His 2,400-square-foot building "has all the punch of roadside architecture," he continues. The rounded "oil drum" end is enclosed in channel glass, like the car wash, so the stoplight-red cashier station inside becomes a vibrant blur to those driving by. However, most of the convenience store has a concave front of frameless clear glass that allows the interior's bright red surfaces and backlit advertising panels to be highly visible from the street—a magnet to increase the owner's revenue stream. This is a finely wrought retail environment, not a mere pit stop for endless supplies of Skittles, M&M's, and Cokes. What to do with all those snacks and beverages? Kanner designed five display islands of acrylic and stainless steel to impose order on the vast array. There's more stainless at the entry portal, framing the ad wall, and at the passage to the rear restrooms, giving credence to Kanner's statement: "We used a huge amount of steel."
Clerestories make the roof appear as if it's floating. Then it truly takes off boomerang-style, morphing into the canopy over the pumps. Its underside is sheet steel, and the sides are finished with smooth white stucco. Supports are gray-painted steel columns slimmed down and canted, Kanner says, "for more drama and movement." What with the roller-coaster car-wash ramp, the setting has all the attractions of an amusement-park ride. (The Kanner kids, age 8 and 14, are always up for a road trip to the station from their Pacific Palisades home.)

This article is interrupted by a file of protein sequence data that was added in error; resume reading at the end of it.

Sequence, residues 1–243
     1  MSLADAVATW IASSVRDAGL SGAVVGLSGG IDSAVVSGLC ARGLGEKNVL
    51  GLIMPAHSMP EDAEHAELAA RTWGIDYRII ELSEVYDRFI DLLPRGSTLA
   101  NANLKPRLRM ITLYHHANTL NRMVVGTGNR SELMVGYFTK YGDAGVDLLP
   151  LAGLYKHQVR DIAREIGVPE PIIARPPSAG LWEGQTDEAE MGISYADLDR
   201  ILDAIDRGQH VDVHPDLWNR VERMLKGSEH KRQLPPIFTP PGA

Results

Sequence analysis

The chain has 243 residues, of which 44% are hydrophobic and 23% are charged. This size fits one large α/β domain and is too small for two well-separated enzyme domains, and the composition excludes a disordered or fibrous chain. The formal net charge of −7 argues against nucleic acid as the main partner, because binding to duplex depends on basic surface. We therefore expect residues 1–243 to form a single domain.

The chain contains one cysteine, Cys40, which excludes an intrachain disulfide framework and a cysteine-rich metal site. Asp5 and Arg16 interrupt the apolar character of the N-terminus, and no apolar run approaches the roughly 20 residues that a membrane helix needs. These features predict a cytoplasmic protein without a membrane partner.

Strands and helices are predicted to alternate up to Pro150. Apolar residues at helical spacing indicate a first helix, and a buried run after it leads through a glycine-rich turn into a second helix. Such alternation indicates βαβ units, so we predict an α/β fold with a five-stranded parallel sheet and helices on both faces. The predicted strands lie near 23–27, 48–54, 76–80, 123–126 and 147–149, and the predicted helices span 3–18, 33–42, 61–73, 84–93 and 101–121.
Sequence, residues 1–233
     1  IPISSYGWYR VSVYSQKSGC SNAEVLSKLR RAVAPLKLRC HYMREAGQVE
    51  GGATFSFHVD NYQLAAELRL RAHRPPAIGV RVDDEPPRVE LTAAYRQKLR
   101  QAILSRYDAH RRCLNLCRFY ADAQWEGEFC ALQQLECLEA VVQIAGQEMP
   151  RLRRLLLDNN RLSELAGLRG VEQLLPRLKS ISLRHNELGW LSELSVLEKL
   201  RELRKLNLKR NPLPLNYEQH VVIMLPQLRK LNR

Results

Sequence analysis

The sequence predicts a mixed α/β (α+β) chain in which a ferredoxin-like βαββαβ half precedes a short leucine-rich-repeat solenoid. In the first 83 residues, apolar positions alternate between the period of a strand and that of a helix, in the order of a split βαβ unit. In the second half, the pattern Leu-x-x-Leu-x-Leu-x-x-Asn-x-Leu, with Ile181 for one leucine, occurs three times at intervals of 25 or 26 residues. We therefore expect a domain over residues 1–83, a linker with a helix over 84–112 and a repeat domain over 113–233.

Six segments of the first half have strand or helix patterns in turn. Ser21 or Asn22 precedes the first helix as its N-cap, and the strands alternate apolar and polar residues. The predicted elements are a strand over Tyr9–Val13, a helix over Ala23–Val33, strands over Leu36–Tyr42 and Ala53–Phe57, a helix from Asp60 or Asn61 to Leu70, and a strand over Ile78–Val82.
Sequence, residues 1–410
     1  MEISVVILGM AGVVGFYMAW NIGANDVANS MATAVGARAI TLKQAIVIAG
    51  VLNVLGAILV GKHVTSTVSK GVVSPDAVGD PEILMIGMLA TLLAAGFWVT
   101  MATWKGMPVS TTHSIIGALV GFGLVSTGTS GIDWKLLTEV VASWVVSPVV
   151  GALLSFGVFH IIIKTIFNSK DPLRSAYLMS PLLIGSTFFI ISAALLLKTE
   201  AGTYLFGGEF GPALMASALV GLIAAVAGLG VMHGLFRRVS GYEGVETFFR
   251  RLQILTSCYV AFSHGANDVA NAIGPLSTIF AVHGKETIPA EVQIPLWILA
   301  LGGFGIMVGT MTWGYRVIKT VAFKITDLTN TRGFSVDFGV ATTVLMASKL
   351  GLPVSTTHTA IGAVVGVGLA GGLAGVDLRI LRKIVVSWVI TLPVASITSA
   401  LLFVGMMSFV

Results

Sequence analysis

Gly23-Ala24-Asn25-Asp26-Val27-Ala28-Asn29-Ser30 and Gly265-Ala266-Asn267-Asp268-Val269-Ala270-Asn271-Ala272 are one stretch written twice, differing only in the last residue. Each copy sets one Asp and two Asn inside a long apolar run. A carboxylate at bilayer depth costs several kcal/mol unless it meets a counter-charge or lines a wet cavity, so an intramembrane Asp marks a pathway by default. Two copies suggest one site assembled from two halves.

Day and night, the station clearly stands out from competitors on the three other corners of its South La Brea intersection. But perception differs according to the hour. One needs full sun to appreciate the subtlety of such detailing as the two shades of concrete that Kanner used for the parking area, as if a portion of it were in shadow. "In daylight, the store and canopy appear equally weighted," he adds. "At night, the canopy is dominant, yet it's perceived as a thin plane, just about 30 inches thick from the LED recess down."
Every bit of the project is custom, of course, including signage with a redesigned United Oil logo that's simpler and bolder: white letters on a background of race-car red. More obvious are the architect's landscaping and his streamlined bollards and bumpers. Still to come are custom cups for beverages. Such was the level of involvement.